MacDuffie: Yes, for a problem that appears in the factory, even if it’s complicated, you have more control [over it] and more access to full information. But when a customer says something to a dealer, it is more ambiguous. It seems that Toyota had trouble taking that kind of information and recognizing a problem that definitely needed its focus and attention.
Fujimoto: Right. I think this can happen to any company which is confident of its quality. This has happened to other companies in the past, too. When you’re very confident of your quality, this is a source of arrogance.
Back in the 1990s, I saw some of my friends complaining about how Toyota treated people when there was a problem. You know, they go to the dealers and then the dealer reports to Toyota about these problems. But [the customers] tended to get a reaction from the company that said, “The product must be good. We are confident of the quality of the products. So logically it must be your driving problems.” That made many people very angry. I noticed these kinds of things were happening at first sporadically, but then more frequently. I was always warning that arrogance is the number one enemy of the Toyota philosophy. But they didn’t take this seriously until big problems happened. And it was really sad to see that.
MacDuffie: Clearly what’s happened has damaged the Toyota brand and reputation. Do you have some advice or recommendations for Toyota president Akio Toyoda on what would be the best way to help restore that reputation?
Fujimoto: Ironically this is really a long-term race, like an obstacle race, of handling growing complexities that we cannot avoid. Toyota was one of the frontrunners in making very complex products, like hybrids or luxury cars, at very high volume and then growing the volume. They were taking on all kinds of complexities, and they were the frontrunners in handling that complexity. Then they took on too much complexity and they stumbled. But this is a race that you are not allowed to retire from because there are customers waiting for you. So Toyota will have to stand up and go again. There is no excuse for them, and there is no room for them to retire.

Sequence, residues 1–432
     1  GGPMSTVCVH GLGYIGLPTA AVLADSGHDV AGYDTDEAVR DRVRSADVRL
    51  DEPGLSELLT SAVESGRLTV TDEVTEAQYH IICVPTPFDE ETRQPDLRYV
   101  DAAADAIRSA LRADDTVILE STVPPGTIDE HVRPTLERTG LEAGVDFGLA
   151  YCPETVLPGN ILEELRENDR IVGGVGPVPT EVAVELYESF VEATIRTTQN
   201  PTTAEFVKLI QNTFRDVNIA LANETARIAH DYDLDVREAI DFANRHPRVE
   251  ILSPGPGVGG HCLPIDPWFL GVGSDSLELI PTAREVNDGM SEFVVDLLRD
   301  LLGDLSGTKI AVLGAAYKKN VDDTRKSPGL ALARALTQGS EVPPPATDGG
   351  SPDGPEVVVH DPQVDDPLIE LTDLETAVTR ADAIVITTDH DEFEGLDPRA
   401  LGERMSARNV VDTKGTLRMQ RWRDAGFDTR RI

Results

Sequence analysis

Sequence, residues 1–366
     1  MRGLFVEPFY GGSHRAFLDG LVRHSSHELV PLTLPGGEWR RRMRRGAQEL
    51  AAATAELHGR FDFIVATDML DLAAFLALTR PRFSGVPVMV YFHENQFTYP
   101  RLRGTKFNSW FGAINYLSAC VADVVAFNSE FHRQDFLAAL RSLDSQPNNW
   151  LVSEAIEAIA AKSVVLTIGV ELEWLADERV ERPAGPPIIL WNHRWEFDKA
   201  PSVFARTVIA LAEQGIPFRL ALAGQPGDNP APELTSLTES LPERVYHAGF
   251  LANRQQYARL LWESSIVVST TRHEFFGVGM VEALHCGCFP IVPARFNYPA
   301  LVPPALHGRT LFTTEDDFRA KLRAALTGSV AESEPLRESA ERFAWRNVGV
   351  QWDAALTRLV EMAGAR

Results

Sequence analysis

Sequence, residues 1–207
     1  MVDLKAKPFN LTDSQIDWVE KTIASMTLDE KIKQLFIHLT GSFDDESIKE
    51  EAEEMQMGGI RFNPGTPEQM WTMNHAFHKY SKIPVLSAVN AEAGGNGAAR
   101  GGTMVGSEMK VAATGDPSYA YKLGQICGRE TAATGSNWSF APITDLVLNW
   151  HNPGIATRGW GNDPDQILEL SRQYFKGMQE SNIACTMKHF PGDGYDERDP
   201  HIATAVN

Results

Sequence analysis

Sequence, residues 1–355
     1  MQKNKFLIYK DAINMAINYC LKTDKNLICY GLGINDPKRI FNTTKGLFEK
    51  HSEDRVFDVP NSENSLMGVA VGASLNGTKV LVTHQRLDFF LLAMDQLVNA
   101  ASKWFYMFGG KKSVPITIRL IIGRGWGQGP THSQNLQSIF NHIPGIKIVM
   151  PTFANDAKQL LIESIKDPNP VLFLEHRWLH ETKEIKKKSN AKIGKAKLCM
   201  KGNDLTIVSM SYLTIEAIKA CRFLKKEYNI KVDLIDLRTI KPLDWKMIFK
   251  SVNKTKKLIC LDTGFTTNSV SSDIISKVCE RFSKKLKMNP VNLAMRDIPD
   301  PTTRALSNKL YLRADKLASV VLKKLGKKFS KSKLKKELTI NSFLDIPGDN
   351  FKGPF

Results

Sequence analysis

They will have to just keep on building capabilities. That is the only solution in the long run. In the short run, they have to persuade people that, even though they made a big mistake this time, they will go back to find the root cause and do the Toyota Way of finding and solving problems. Later, they need to come back to make sure that everybody is convinced that this will not happen again.
MacDuffie: Sounds like “back to basics.”
Fujimoto: Back to the basics.
MacDuffie: So not a change away from the Toyota Way or the Toyota Production System?
MacDuffie: But “back to basics” to build capabilities to handle the new demands.
Fujimoto: Right. I think the Toyota Production System or the Toyota Way as a philosophy is still a good way to handle customers’ needs quickly and accurately. But the headquarters in particular made a deviation from the Toyota Way. I’m not talking about production people, because I’m constantly visiting the production sites, almost every week. There are no signs of decreasing capabilities on their side. We have to understand that, so far, all of the problems picked up in the Toyota recalls are design quality problems rather than manufacturing quality problems.
MacDuffie: Yes, I think that’s an important distinction.
Fujimoto: Of course it’s true that production sites have problems. I go there and I see many, many problems there. But those production problems … and quality problems that we see now in the news are not directly connected. In this kind of situation, people tend to pick up all kinds of bad news about Toyota, and of course this is a big company, so you can easily find 10, 20 items of bad news.
The danger is that people tend to connect the two problems. “This happened and that happened, so there must be causal relations between the two.” But this is not the case. There appears to be no connections between the design problems and the Toyota production system or Toyota Way.
I would probably say middle managers, particularly at headquarters, started to deviate from the Toyota Way by being arrogant, being overconfident, and also they started not to listen to the problems that customers raised. Toyota is a problem-finding, problem-solving company. This culture is still there in the factories and in product development centers. But in some parts of the headquarters, someone started to say, “Hey, this is our problem. I am responsible for finding my problems and solving my problems. It’s not [for] you [outside Toyota] to find our problems.”